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thayne
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Read all about it

The UK’s leading New Age magazine, "Kindred Spirit", features me in the latest issue (November/December). Because of limited space, they weren’t able to include all the questions and answers, so here is the complete interview. If you live in the UK, make sure you pick up the latest issue of "Kindred Spirit" - it’s always […]
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thayne
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How your past affects you right now

Very few of us get that the past is very much alive and well. It is an energetic pattern that lives on in us and shapes our life and even our health every day. It can be the cause of depression and anxiety, of addiction, of chronic illness—and will even determine how long we will […]
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thayne
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My 10 favourite books

As I hope you all know by now, my new book, The Untrue Story of You, has just been published and is available on Amazon (so hurry, my children, hurry) Which got me thinking about books. I’ve prepared my ‘desert island’ favourite 10 books in the hope that you might tell me yours. I’ve excluded […]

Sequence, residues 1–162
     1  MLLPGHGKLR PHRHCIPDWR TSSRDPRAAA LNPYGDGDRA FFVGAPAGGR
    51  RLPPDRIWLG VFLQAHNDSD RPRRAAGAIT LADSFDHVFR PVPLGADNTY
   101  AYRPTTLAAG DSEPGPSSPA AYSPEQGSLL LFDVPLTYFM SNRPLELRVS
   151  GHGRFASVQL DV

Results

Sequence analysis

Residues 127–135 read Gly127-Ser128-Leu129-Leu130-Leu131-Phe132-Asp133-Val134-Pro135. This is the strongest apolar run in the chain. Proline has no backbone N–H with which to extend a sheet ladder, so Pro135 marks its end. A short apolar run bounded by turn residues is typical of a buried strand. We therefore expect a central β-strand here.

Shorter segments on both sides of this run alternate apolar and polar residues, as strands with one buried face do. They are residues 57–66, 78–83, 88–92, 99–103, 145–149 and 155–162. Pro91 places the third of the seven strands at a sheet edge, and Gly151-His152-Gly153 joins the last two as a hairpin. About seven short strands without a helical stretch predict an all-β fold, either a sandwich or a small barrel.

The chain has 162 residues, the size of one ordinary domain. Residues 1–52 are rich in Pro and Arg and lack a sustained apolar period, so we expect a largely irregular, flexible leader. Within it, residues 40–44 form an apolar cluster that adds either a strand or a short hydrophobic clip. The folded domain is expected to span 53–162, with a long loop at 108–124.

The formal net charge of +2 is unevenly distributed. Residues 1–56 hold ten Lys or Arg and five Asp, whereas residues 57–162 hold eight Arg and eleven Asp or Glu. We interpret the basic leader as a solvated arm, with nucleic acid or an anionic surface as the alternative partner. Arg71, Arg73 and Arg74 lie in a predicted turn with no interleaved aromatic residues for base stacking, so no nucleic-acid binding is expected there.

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thayne
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True healing

The other day I was on a radio show when a caller phoned in. She said she had suffered from feelings of scarcity and lack for more than 20 years, and she had tried every therapy under the sun to rid herself of these feelings, which were clearly holding her back. Nothing had worked for […]
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thayne
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6
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How do we achieve real and lasting change?

People reading my book, The Untrue Story of You, can easily understand that the past plays a part in our lives—but few realise just how much it shapes us and everything we do. The central koan of the book -the thought thinks the thinker - says it all, but its full and profound implication isn’t […]